GEORGES CSATÓ (1910-1983)
Gouache on paper; signed top left
In period frame
This is an unusual self-portrait and, given Csató’s life, must rank pretty highly in terms of artful artistic depictions of the self.
Csató grew up in Budapest, studying at the École des Beaux Arts in Vienna in 1929, and then in Berlin with, most crucially, under Paul Klee (1879-1940). With the rise of the Nazi party, Csató left Germany for Prague along with several like-minded avant-garde artists including Oska Kokoschka (1886-1980) with whom he worked from 1936-1938. With the advance of the Nazi’s, he returned to Budapest, where he soon found himself in a labour camp. He survived a series of extraordinary ordeals including escaping, fighting with the partisans, being captured by the Russians, and taken to a secluded location and made to paint a portrait of Stalin. ‘While I was sketching him he never spoke a single word, he just sat there chain smoking. The only movement he made was to push a bottle of vodka and a packet of cigarettes across the table to me.’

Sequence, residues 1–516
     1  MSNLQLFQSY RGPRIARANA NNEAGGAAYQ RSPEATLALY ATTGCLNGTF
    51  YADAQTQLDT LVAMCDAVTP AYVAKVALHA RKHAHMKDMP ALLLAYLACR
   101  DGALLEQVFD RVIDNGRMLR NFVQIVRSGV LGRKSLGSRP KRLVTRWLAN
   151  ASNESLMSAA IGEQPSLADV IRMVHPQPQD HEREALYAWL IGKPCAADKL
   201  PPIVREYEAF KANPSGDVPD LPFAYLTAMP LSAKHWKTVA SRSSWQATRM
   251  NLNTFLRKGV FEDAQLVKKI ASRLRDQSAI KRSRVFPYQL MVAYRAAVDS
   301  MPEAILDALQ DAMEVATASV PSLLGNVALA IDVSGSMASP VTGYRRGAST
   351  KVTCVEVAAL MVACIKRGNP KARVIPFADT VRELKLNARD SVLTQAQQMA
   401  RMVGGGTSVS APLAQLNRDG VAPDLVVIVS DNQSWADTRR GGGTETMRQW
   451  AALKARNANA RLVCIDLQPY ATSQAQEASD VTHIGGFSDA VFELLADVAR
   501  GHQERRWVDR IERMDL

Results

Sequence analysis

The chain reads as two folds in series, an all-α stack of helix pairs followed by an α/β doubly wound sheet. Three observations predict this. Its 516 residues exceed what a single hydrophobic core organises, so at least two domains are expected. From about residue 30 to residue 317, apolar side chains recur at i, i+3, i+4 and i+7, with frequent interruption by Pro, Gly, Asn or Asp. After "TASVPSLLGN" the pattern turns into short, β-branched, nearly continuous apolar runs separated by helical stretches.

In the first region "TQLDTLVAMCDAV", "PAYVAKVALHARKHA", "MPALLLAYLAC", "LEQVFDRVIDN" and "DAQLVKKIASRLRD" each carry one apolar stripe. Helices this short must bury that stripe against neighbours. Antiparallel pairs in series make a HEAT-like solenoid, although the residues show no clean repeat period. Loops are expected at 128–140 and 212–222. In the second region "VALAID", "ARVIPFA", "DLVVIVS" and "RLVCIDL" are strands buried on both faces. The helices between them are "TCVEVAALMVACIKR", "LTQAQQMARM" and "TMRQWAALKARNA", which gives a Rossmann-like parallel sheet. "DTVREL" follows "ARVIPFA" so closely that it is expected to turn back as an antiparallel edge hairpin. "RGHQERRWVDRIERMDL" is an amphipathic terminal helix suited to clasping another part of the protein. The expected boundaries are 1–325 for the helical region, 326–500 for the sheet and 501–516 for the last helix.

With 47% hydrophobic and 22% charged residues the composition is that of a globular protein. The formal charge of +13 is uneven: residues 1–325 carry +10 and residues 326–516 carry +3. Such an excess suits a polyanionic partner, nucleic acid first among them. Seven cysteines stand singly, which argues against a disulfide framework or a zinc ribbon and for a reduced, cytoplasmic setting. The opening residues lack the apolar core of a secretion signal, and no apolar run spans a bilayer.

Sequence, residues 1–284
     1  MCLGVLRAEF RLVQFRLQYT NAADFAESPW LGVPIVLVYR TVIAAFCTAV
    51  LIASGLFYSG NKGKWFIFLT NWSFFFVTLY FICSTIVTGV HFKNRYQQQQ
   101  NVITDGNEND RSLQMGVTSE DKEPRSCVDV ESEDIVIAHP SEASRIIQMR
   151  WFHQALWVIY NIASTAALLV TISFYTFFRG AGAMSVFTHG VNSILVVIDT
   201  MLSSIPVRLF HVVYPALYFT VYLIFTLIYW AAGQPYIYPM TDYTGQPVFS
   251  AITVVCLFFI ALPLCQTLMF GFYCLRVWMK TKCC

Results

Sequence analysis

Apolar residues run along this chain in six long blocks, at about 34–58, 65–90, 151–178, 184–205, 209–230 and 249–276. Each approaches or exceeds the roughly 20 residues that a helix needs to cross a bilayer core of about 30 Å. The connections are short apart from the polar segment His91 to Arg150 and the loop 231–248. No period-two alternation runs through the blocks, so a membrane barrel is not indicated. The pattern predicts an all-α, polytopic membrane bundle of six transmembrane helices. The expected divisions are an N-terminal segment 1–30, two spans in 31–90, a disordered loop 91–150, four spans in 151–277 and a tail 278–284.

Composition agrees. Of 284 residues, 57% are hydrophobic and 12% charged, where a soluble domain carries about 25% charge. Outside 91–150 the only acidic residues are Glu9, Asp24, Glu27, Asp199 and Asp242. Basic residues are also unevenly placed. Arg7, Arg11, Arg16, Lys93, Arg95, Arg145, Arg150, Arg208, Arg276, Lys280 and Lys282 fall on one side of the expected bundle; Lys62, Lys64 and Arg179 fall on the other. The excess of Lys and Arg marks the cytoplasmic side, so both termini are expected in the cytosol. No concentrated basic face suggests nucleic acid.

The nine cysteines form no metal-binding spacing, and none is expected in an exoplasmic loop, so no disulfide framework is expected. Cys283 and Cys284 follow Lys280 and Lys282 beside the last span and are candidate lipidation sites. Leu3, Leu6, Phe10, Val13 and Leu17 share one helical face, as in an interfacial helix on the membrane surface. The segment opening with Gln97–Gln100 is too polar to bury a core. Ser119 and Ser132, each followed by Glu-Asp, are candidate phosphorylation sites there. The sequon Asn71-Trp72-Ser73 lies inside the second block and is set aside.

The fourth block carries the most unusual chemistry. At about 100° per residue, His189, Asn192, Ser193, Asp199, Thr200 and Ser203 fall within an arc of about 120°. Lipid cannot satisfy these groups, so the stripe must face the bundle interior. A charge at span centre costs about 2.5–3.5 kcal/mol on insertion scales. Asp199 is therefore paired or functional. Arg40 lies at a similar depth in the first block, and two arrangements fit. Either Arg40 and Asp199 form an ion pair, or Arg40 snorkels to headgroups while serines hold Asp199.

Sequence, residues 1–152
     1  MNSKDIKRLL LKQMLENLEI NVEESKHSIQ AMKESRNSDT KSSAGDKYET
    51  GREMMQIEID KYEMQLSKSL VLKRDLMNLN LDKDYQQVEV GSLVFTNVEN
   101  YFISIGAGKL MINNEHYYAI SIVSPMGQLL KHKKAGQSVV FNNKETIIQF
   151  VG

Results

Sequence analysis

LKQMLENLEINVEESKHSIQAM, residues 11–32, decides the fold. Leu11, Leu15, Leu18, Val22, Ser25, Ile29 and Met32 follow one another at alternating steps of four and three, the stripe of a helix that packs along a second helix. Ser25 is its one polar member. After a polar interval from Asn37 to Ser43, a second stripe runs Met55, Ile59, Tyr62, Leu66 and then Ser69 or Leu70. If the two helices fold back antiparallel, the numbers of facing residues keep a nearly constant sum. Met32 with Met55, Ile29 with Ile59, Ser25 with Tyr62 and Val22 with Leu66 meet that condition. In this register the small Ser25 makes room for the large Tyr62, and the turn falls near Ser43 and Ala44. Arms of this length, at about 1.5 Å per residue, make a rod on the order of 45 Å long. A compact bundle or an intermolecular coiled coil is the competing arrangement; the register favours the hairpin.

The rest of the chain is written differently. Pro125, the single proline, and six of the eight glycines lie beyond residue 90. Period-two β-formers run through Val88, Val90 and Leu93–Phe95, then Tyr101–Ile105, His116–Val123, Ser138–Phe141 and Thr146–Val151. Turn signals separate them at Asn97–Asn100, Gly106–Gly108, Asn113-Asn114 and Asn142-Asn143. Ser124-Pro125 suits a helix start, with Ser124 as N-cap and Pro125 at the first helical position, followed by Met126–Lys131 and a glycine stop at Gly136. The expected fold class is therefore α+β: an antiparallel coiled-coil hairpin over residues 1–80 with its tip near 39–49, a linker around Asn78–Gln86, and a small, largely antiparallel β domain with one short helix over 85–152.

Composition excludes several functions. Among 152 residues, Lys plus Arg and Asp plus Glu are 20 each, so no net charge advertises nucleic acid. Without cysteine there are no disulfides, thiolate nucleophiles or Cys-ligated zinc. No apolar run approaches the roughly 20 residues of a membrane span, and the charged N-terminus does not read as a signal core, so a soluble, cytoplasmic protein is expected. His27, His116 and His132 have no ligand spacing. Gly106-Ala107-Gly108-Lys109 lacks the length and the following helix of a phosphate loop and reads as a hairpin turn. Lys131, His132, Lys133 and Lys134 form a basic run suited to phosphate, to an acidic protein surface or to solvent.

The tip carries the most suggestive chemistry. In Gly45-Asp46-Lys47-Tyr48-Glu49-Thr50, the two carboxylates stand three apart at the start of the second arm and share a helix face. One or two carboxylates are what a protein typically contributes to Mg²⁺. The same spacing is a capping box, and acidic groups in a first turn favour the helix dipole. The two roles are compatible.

When the war was finally over Csató returned to Budapest and took up his paintbrush again, but Hungary fell under Stalinist government and abstract painting was strictly prohibited, so he left and arrived in Paris as a refugee where he would live for the rest of his life.
Csató’s bold provocative work was well received in Paris and in 1948 Jean Cocteau organised an exhibition for him at the Librairie Paul Morihien. He soon became established amongst the Parisian avant-garde and participated in the more radical salons such as the Salon des Réalités Nouvelles, and the Salon Comparaisons, and held many acclaimed exhibitions in London, New York, Sydney, Melbourne, Amsterdam, Bonn, and Canada.
Georges Csató’s work has been offered at auction multiple times, the record price being 24,696 USD for Untitled No.67 sold at Dreweatts in 2021.